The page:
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Raising the Bar Even Higher for HD Voice

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February 12, 2013

Raising the Bar Even Higher for HD Voice

By Ashley Caputo, TMCnet Web Editor

As networks and service providers begin to incorporate HD quality into their products and services, the bar is raised for other companies in which voice is the basis of their operations. But before they even have a chance to reach HD, the infamous Fraunhofer (News - Alert) research company has taken the bar to even higher levels by going beyond HD to an area they have coined, “Full-HD Voice.”

Everybody who watches Blu-ray or 3D television is familiar with the organization, as they use the creations of Fraunhofer. Whether or not they have heard the name Fraunhofer before, consumers are certainly familiar with the advancements this organization has made in the technological world.

Although, at this point in time, being that Fraunhofer is the largest application-oriented research organization in Europe and has invented major creations in security, communication, health and energy, consumers should be aware of its strong global presence, as they are the creators behind our most favored technological products and the latest audio innovation.

Although HD voice seems like it has just entered the market, Fraunhofer has (once again) taken its achievement to create an even higher quality audio innovation: Full HD-Voice.

As explained by Digital Trends, standard phone calls take place on an audio bandwidth of up to 3.4KHz. HD Voice, on the other hand, uses the Adaptive Multi-Rate (AMR) waveband speech codec to bumps calls up to 7KHz, which provides almost the same clarity of face-to-face conversation. HP Baumeister, one of the researchers at Fraunhofer, describes this as a “timid step” at best.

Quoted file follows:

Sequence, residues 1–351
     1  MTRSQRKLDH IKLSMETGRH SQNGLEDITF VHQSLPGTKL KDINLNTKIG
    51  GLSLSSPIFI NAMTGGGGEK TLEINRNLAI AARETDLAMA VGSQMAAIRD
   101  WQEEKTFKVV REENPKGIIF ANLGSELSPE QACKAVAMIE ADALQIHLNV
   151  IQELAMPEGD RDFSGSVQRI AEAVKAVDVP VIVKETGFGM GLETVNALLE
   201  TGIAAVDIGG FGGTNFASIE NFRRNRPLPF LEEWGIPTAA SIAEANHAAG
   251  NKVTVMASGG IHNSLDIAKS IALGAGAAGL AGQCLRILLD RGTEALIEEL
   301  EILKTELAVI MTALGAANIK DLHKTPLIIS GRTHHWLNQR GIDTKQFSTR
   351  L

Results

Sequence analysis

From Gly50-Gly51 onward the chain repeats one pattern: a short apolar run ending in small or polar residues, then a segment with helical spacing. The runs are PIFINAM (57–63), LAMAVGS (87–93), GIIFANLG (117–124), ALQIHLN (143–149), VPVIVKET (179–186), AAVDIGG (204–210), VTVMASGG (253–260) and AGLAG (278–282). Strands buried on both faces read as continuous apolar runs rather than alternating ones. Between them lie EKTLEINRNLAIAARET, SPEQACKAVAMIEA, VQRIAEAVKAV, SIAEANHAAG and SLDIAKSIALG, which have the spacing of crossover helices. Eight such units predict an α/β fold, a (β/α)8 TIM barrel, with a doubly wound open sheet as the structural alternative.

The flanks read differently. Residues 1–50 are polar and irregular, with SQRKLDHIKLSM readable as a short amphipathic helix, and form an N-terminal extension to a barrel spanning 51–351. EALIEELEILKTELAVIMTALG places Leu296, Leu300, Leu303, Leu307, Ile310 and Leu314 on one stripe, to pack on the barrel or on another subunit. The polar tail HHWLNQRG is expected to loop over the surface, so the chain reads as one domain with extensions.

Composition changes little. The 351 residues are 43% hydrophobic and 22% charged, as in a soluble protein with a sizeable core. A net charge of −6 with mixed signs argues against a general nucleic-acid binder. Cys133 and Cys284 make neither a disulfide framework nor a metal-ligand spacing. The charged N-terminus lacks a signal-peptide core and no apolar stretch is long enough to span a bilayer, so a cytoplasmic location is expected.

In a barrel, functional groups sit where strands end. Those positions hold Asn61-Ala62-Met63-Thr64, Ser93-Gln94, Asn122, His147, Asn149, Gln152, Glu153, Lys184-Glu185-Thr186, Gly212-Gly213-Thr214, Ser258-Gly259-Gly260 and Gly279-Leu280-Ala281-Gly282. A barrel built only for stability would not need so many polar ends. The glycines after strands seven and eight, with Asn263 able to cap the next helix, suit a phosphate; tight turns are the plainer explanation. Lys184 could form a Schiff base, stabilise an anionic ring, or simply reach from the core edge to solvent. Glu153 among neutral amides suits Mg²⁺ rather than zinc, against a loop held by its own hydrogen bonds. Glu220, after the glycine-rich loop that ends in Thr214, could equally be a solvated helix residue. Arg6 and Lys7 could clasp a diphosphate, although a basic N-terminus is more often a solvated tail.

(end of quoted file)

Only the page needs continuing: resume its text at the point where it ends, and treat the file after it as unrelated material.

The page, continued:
In an article from EDN that was written by HP Baumeister, Manfred Lutzky, and Matthias Rose, all researchers from Fraunhofer, Full-HD Voice is explained like so:

Most phone calls use speech codecs, which model the human speech system, instead of audio codecs, which model the human hearing system. Because of this speech, codes can model the human speech system pretty well, but or unable to model the capabilities of audio codec, like background noise, music and multiple voices.

Mobile phone calls use speech codecs and have a frequency limit of 3.4 kHz, also known as "narrowband.” Since people are able to hear audio signals up to much higher frequencies (between 14 and 20 kHz at normal listening levels), most phone services are deleting at least three quarters of the audible spectrum., thus causing the muffled sounds and difficulties for natural conversations to flow.

HD Voice has raised audio bandwidth from 3.4 to around 7 kHz, which provide better quality than regular calls, but still only transmit less than half of the full audible audio spectrum.

Full-HD Voice is possible because of the high-quality audio codecs of multimedia hardware that are built into most phones today. The audio codecs, such as AAC-ELD, provide the same or even lower coding latencies than speech codecs, and open up the full audio spectrum, up to 14 to 20 kHz, according to this figure.

Image via EDN

So, according to the researchers from Fraunhofer, by taking advantage of the codecs that are designed for audio, all mobile phones are capable of Full-HD Voice.

To listen and learn Fraunhofers’ new Full-HD Voice creation, click here.

Edited by Allison Boccamazzo

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